Then her breasts were sore. Her period was late. She peed on a stick.

“It’s over with him,” she says. “It’s been over for weeks.”

 

IT HAD BEEN DANA WHO CANCELLED the clinic appointment. After her failed experiment with Marco, she needed time to think. She told Jonathan that he was right, that they should be patient. But then she avoided him. Stayed late at work. Went to bed early. After just a couple of weeks, going to bed early became less about staying away from Jonathan and more about giving her body something it craved. Rather than flailing in the darkness, she slumbered. Would wake feeling like she had been flattened by a steam roller, so would hoist the blankets to her chin and descend back into her dreams.

When she was awake it was difficult to mask the changes in her appetite. Vegetables held no appeal now. She kept pretzels and Wheat Thins at arms’ reach. She discovered that avoiding an empty stomach was the best way to keep from throwing up, so she stashed almonds in her nightstand. Carried a little container of grapes in her purse to pull out one by one on the Metro.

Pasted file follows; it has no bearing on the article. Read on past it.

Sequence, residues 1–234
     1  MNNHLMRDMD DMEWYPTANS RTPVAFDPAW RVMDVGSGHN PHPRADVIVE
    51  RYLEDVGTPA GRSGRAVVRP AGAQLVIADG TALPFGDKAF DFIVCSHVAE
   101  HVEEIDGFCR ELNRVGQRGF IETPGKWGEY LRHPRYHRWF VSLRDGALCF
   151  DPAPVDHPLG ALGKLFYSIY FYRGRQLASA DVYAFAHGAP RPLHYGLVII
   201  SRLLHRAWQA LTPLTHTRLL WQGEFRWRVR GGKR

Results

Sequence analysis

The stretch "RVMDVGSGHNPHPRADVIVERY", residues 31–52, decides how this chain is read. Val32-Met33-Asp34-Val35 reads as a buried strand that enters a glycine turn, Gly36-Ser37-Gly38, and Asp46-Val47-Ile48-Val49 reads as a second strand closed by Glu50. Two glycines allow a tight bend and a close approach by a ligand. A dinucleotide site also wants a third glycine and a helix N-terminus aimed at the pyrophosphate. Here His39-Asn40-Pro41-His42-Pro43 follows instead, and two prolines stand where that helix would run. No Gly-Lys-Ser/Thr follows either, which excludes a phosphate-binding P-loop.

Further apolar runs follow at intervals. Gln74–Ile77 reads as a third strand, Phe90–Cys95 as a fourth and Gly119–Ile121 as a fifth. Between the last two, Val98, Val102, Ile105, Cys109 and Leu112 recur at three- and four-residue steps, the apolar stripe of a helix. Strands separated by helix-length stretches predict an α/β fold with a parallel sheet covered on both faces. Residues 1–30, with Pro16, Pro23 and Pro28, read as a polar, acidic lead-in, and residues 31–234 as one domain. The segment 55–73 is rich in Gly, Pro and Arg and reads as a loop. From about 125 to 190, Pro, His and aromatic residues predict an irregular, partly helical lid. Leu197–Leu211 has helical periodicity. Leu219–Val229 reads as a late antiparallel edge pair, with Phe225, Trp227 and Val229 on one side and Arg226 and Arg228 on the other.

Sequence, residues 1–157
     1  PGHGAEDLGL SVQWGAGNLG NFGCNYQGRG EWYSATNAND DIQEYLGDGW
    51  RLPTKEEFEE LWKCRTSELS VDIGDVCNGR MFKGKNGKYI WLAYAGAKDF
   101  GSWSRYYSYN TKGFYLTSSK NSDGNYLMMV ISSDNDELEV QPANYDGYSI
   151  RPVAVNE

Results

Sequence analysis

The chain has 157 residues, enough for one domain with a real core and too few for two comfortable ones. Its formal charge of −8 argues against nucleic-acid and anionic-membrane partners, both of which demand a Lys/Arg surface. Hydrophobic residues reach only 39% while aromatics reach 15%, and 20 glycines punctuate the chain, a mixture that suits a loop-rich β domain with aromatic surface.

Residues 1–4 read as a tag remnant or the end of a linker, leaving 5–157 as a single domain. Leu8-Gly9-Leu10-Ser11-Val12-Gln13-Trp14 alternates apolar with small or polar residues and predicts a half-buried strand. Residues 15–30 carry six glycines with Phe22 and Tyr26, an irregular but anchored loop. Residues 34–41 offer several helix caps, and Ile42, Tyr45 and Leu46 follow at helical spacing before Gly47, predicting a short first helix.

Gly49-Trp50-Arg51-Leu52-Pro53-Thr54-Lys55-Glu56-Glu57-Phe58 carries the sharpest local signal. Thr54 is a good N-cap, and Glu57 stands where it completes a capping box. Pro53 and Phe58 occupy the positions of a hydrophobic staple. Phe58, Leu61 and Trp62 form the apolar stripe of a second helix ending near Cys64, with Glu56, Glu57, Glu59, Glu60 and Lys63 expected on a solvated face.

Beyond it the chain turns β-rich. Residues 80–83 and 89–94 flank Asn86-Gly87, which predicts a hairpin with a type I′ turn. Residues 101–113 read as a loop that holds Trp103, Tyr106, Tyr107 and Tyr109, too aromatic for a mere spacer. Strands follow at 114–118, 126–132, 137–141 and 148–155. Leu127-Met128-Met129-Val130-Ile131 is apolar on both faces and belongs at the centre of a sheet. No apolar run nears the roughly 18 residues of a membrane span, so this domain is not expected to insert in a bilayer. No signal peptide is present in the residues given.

She sensed that Jonathan noticed a change in her. Felt his eyes resting on her as she trailed back to their bedroom at 8 o’clock. But he said nothing. She wanted him to confront her. Scream at her. Instead he looked at her with a searching sadness that told her he was worried about her. He would reach out to touch her elbow, her shoulder. She pulled away.

 

“YOU’RE PREGNANT.” HIGH ABOVE, a breeze rustles the tulip-poplar leaves. Dana drops another bit of bread into the creek, watches it bob in the water before the current pulls it under the bridge and out of sight.